Finally, the British tried to incite the slaves to revolt within the colonies, promising them their freedom. Some revolts were staged and quickly put down. In truth, freedom from oppression was not something that white people wanted for the slaves, but instead a release of the colonists from their British oppressors. These ideological differences further delineated a distinct separation and continued oppression by the white slave owners against slaves that had unwillingly come to America.

Social changes were experienced greatly by the families of those fighting the war: the British would garrison their troops on colonial homesteads, taking food and supplies, and so on. These colonial towns and settlements also bore the brunt of attacks by hostile Native Americans. The wives, children and those not enlisted in the fighting were left to deal with these situations, while also finding ways to adjust. All of these things dealt a heavy blow to the American economy.

The American Revolution had an enormous impact on politics. Those fighting for separation from Britain were eager to establish a government that was nothing like the one by which they had been subjugated for so long. Representatives of each of the colonies joined in the meeting of the Continental Congress:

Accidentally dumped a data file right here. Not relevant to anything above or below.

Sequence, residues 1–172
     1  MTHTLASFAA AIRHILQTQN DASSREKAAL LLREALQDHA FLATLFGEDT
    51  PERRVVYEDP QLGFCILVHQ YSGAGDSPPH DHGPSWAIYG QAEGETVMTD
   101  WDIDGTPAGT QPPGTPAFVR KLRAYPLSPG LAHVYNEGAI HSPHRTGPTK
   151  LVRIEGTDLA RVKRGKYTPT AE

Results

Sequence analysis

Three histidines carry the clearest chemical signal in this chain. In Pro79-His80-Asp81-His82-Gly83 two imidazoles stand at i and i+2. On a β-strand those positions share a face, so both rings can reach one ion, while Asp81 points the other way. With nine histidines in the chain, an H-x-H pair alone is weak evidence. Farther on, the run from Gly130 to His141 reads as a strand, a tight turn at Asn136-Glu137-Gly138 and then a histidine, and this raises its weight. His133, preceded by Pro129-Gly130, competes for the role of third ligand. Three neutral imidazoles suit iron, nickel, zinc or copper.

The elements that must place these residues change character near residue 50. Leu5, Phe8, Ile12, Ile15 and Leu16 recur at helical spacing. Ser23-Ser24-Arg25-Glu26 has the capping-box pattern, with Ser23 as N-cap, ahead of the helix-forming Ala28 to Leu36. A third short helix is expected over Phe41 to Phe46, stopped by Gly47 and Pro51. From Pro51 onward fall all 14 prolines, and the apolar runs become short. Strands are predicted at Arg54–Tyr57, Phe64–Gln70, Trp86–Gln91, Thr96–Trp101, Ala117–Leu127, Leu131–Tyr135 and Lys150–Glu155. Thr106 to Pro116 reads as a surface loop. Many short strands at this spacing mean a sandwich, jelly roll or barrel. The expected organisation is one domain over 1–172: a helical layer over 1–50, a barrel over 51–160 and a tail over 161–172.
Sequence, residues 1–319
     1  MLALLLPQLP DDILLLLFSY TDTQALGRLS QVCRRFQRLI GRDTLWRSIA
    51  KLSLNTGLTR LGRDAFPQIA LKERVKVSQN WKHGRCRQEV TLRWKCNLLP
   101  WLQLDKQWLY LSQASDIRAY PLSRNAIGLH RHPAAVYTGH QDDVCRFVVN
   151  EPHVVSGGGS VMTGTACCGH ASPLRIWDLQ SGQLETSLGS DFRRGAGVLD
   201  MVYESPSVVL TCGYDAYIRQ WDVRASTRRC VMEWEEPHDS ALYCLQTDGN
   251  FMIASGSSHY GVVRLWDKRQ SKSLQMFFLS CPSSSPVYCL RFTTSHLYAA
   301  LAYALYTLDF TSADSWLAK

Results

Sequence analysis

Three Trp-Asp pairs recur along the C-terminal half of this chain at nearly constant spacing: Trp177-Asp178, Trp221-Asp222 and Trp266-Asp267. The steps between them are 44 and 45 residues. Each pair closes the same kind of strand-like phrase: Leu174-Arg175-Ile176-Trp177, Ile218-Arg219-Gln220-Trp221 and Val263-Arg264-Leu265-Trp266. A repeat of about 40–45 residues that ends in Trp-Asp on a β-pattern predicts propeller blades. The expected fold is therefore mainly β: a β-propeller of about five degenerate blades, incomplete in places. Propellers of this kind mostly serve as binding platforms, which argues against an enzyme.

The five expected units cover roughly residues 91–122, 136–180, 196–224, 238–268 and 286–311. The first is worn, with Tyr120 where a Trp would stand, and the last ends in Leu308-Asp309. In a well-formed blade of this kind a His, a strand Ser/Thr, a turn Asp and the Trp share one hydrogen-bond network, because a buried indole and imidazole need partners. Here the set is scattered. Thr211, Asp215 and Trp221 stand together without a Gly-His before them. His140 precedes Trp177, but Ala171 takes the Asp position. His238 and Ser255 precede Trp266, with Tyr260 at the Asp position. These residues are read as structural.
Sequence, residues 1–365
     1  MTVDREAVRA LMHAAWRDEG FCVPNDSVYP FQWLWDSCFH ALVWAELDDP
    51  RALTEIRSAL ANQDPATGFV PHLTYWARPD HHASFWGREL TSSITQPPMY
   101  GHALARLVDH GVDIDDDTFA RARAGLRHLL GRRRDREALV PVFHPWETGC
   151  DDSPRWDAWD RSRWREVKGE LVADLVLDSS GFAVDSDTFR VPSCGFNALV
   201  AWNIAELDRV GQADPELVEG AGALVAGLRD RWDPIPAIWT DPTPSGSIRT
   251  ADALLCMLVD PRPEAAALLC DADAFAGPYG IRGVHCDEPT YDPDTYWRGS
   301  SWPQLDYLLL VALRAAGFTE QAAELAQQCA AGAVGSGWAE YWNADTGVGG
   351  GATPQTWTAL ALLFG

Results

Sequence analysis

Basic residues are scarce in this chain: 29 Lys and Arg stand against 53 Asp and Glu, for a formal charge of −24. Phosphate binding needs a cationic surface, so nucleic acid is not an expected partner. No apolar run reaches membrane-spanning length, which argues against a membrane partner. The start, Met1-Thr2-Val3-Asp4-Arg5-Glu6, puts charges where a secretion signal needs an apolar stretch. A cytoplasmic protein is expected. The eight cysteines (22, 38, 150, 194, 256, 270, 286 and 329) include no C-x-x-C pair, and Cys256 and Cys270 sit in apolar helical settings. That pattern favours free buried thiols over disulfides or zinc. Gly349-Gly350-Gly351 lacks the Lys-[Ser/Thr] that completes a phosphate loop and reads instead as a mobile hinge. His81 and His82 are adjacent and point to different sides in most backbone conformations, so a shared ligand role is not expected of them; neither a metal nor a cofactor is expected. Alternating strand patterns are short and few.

In 1775, [Jefferson] was a delegate of Virginia in the Continental Congress in Philadelphia. . . . Here, for a few months, Jefferson’s sentiments were too radical for the majority, but when independence seemed all but inevitable in June, 1776, Congress placed him (with Benjamin Franklin and John Adams) on the special committee to draft a Declaration of Independence.

As noted before, not everyone living in the Colonies wished to be separated from their homeland. Jefferson was not alone in his radical views—several others who were passionate in their desire to build a new nation of free men and women joined him. Democracy became a major focus of the new Congress. These representatives fought to develop a way to govern themselves independent of Britain. The Declaration of Independence was not a document that was easily adopted. However, the American Colonies' revolution paved the wave not only for a democratic government that represented the interests of the people, but created the Declaration of Independence, the Articles of Confederation and, later, the US Constitution.

Each of these steps provided a standard for other countries also seeking independence (e.g., France, Haiti, etc.). The Revolutionary War was an engine that brought diverse and radical changes, both socially and politically.